India had taken the honours on Day 2 at Southampton losing just three wickets in almost 65 overs of play after being put in by Kane Williamson in overcast and cold conditions in the final of the World Test Championship (WTC). New Zealand bowlers had not been at their best and not made use of the conditions and were guilty of letting the Indians get away. They needed some inspiration early on Day 3 and that came in the form of Kyle Jamieson - the six foot eight inches tall bowler who has been India’s nemesis in the three matches he has played against them.
Jamieson had been the pick of the New Zealand bowlers on Saturday too. Tim Southee and Trent Boult had been a little wayward and did not find their lengths with the new Dukes Ball. Rohit Sharma and Shubman Gill had given India a terrific start adding 37 in the first 10 overs. Neither did the New Zealand opening pair get any wickets nor were they able to stem the flow of runs. It was Jamieson who brought some normalcy to the proceedings conceding just 10 runs off his first five overs. Most of his deliveries were either good length or just short and Jamieson may have been forced to bowl that length in order to contain the Indian openers. But it was when he changed his length and pitched it a touch fuller that he got the prized scalp of Rohit and gave New Zealand the first breakthrough.
This was the ‘mantra’ Jamieson adopted early in his spell on Day 3 and it immediately paid rich dividends for New Zealand. After being brilliantly restrictive on Day 2 when he returned with figures of 14 overs, 9 maidens, 14 runs and 1 wicket, Jamieson struck with his second over on Sunday. He set Kohli up nicely by bowling in the corridor before pushing one a touch fuller, getting it to nip back trapping the Indian captain leg before wicket. It was a huge moment in the Test match as Kohli was batting beautifully and looked determined for a big one. His partnership with Ajinkya Rahane had the potential to take the match away from New Zealand but Jamieson had other plans.
Jamieson had his tail up. He was suffocating the Indian batsmen not giving anything away. He troubled Rishabh Pant from round the wicket but the extra movement he was getting was reducing his chances of getting an lbw from that angle. To change things up a bit he went over the wicket and almost had the swashbuckling Indian keeper plumb in front of the stumps only to miss out on an Umpire’s Call. However, the clever Jamieson had the last laugh as he got his man a couple of overs later by again pitching the ball full but this time taking it away from the left-hander with the angle tempting Pant to play an extravagant shot and inducing the edge.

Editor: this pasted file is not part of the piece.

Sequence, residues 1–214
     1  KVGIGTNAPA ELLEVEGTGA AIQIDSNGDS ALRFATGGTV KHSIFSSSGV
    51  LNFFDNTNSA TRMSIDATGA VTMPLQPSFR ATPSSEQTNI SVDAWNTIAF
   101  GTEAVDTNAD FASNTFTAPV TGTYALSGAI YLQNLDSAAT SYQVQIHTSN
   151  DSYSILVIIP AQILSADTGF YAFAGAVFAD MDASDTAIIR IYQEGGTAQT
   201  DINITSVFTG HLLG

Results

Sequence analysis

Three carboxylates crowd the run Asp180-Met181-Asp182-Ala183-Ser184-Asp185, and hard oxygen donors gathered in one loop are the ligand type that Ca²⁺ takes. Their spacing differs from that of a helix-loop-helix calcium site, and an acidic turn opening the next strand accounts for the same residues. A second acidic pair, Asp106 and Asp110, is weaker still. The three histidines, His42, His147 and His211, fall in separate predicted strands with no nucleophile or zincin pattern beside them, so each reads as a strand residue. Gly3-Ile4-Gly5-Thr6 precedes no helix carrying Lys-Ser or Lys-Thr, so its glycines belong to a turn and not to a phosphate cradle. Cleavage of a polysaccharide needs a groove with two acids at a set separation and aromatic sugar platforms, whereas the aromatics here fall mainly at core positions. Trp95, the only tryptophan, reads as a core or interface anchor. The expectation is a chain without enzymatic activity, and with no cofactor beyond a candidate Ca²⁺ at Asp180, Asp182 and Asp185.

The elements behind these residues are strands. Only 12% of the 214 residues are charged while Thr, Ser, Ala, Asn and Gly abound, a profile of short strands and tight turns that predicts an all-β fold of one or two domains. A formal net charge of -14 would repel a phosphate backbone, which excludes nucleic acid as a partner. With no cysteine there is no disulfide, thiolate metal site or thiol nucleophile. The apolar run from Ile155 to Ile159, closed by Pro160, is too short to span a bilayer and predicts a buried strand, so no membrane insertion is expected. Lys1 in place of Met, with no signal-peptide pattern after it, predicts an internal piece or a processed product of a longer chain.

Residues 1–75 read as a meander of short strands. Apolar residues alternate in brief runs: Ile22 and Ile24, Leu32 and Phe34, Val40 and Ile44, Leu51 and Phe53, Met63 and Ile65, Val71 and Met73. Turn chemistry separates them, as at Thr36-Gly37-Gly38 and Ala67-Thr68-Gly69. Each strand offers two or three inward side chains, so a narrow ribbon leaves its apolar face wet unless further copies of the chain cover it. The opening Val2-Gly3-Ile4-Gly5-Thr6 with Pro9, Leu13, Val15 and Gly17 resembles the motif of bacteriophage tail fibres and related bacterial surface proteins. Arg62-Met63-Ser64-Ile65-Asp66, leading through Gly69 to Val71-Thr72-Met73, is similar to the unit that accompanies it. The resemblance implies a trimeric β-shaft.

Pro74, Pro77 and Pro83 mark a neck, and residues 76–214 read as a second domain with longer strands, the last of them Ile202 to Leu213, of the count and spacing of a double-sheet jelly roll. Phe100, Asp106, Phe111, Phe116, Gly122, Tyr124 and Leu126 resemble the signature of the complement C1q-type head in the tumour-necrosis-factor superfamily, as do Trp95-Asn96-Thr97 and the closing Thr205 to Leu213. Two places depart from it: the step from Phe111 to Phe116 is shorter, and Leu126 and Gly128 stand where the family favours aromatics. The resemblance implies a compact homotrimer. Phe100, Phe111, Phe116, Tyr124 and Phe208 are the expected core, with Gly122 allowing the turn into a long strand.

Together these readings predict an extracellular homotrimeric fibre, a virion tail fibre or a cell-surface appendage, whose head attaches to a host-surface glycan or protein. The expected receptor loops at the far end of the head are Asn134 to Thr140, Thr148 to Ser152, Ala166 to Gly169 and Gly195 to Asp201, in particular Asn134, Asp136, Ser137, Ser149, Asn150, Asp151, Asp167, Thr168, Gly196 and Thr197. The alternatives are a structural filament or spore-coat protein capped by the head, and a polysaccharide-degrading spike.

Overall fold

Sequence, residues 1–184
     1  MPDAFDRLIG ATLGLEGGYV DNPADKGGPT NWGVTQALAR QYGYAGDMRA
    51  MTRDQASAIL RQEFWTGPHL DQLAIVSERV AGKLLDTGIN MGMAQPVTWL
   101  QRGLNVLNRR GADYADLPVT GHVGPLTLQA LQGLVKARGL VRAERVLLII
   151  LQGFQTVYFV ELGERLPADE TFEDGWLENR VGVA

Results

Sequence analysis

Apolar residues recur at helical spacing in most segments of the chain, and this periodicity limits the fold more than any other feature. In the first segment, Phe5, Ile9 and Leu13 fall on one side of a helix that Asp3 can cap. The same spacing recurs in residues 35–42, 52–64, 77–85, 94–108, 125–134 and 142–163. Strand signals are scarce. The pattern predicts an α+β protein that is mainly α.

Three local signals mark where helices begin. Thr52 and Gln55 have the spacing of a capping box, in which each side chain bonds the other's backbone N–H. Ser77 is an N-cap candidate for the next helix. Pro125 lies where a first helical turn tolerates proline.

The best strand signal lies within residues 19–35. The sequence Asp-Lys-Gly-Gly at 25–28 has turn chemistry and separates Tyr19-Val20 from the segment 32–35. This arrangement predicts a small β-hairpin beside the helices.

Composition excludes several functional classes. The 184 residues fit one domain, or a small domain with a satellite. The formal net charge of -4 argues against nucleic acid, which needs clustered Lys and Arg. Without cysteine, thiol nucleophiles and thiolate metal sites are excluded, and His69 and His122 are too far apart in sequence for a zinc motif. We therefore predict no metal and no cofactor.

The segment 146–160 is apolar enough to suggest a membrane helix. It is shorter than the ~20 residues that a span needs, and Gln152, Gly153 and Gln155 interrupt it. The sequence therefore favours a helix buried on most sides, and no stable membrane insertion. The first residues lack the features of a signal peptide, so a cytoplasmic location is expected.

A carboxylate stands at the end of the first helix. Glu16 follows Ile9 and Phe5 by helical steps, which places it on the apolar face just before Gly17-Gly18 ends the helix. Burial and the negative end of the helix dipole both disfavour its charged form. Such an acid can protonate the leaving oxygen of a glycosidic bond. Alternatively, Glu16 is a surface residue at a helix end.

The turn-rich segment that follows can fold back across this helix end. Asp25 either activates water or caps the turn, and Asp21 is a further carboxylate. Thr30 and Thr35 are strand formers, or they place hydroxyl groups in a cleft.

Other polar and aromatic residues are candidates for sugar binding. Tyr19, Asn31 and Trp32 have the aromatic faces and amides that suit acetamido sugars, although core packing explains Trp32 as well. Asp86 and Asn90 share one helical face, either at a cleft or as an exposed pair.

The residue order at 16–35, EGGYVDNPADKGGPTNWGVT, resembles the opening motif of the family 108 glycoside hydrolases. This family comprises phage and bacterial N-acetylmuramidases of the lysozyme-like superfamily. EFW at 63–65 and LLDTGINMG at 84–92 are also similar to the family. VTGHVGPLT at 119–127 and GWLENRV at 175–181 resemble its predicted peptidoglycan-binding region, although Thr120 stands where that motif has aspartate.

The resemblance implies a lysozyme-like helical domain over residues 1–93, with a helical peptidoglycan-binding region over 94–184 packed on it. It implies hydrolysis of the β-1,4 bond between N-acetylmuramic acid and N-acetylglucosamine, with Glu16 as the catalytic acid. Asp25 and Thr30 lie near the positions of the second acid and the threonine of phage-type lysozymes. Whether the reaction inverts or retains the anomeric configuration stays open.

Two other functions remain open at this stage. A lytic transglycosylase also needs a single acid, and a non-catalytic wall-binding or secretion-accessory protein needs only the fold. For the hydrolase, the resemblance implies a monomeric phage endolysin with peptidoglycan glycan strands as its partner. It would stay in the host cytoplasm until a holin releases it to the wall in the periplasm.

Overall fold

It was another massive moment in the match for Pant had been in destructive form in Test cricket in the last few months for India and had the potential to change the course of this match in a matter of overs. Jamieson’s splendid opening spell today of 6 overs, 3 maidens, 12 runs and 2 wickets had changed the match on its head and it was advantage New Zealand.
Jamieson returned to bag two more wickets of Ishant Sharma and Jasprit Bumrah and finished with his fifth fifer in only his 8th Test! It was a change in length that had worked wonders for the New Zealand pacer today - from his average delivery pitching at a good length or just short on Day 2, he got it a lot fuller on Day 3 allowing the ball to swing and seam admirably and reaped the benefits.
From that height it is natural for Jamieson to want to bowl short of a good length and thus credit to him for working on his skills and pitching the ball a few inches fuller.
Jamieson has had a great start to his Test career and now has a tally of 44 wickets in just 8 Tests (15 innings) at a stunning average of 14.13 and strike rate of 35.9. He has troubled the Indian batsmen in all the three matches he has played against them - Jamieson had returned with 4-39 in the first innings in Wellington which included the wickets of Kohli, Pujara and Vihari. He then produced a Player of the Match performance at Christchurch bagging five in the first innings including four wickets of the top-middle order.
It is an adjective not often used in the context but Jamieson had indeed produced a ‘tall’ performance in Southampton on Day 3 and given New Zealand the edge in the final.